But now, I know what I will do next time I'm in the neighborhood. I will be walking through those church doors. I will take a seat in a pew and I will sing, and pray, and listen, and contemplate scripture. I will praise God with you. Because I am certain now that it is not divisive for me to remain. It is a conscious act of unity.

Thursday, March 10, 2011

the turnaround

So, I have to be "dangerously maternal" for a bit and relate this marvelous conversation with Clare from a few days ago.

Clare's request for her new room was that it have rainbows on the walls. She asked for this months ago, so I called my interior-designer sis and got her advice, which was: wall decals. I found these online at a ridiculous discount--spent about $15 total for 2 packages of rainbows, clouds & stars. And so, last week, at the top of the unpacking priority list and second only to "find the damn dinner plates already" was, get the rainbows up in Clare's room.

I also consulted her about where she wanted the rainbows and how she wanted them to look. She was very specific: she wanted 2 full rainbows on opposite walls. And I said okay.

And then I didn't do it like she said.

Instead, the wall opposite the one pictured above has 2 half-arches, one beginning in the corner and coming down, and the other coming out of the window. It looks great.

But it's not what she wanted. And she let me know. Like I knew she would.

She was super excited about coming home after school to see her rainbow room. And she walked in and saw the first wall: rapture. Then she turned and saw the second. And turned to me, mad face on, and said, "I don't like it." Pause. "It's not what I said." Flopped down in the chair, very prissy-pissed-off-princess. Longer pause. Then: "It's not all about you."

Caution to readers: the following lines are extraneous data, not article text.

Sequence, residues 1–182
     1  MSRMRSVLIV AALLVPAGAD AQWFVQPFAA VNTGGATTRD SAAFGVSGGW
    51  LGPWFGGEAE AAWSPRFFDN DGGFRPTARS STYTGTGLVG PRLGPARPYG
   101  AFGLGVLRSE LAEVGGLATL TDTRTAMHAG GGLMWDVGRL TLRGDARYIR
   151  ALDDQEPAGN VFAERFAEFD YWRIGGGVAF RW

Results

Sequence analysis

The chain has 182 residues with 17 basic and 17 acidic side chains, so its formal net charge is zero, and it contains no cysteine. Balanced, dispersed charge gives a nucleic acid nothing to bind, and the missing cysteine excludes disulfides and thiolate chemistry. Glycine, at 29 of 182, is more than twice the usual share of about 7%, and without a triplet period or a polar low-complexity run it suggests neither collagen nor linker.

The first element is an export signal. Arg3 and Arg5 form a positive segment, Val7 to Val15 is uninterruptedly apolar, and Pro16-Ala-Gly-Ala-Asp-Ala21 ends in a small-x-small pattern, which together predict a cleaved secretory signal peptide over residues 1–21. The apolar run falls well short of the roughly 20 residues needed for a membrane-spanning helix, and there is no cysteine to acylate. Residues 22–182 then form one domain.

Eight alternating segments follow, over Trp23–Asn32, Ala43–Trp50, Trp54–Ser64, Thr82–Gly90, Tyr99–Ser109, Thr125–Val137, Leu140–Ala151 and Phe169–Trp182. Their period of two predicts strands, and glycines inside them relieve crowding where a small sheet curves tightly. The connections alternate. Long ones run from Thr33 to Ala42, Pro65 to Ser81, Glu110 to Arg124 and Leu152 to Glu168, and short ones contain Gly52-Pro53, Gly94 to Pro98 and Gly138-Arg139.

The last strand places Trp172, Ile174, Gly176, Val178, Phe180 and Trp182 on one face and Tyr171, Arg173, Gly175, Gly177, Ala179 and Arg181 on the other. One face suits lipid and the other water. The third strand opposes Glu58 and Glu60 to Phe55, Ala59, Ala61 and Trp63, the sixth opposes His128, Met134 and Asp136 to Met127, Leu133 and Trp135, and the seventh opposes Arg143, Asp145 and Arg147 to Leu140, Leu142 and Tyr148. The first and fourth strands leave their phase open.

Oh, I knew it was coming. I was tired, I had put off other things to get this done, my arms ached, my back ached, I had spent all day putting together this beautiful room just for her...but she was right. I had asked what she wanted; she had told me exactly what she wanted. and I hadn't done it like she said.

So I said to her, "You're right. It's not all about me. What is it all about?" She looked at me and said. "Me. I get to give the instructions." Then, "You didn't do it like I said." And I said, "You're right. I didn't do it like you said. I did it this other way. Can I tell you why?" She looked at me darkly, but didn't object, so I went on. "I tried it your way, and the wall with the window is smaller than the other wall. It just didn't look the same and I thought it would be prettier this other way. I know it's not what you said, but I wanted to make your room the prettiest it could be. So I did it this way instead." There was silence. And then, after about a minute:

"Okay, mom. I see you had a good reason." Then: "I think I could like it." Then: "Those can be the baby rainbows hugging the window, and this is the mama rainbow smiling at them from over here."

I mean, damn. "You had a good reason"?! She's not even 5, and it took her about 5 minutes to process personal disappointment and outrage, listen and understand another point of view, and come up with some forgiveness and acceptance. I know so-called adults who can't seem to do that.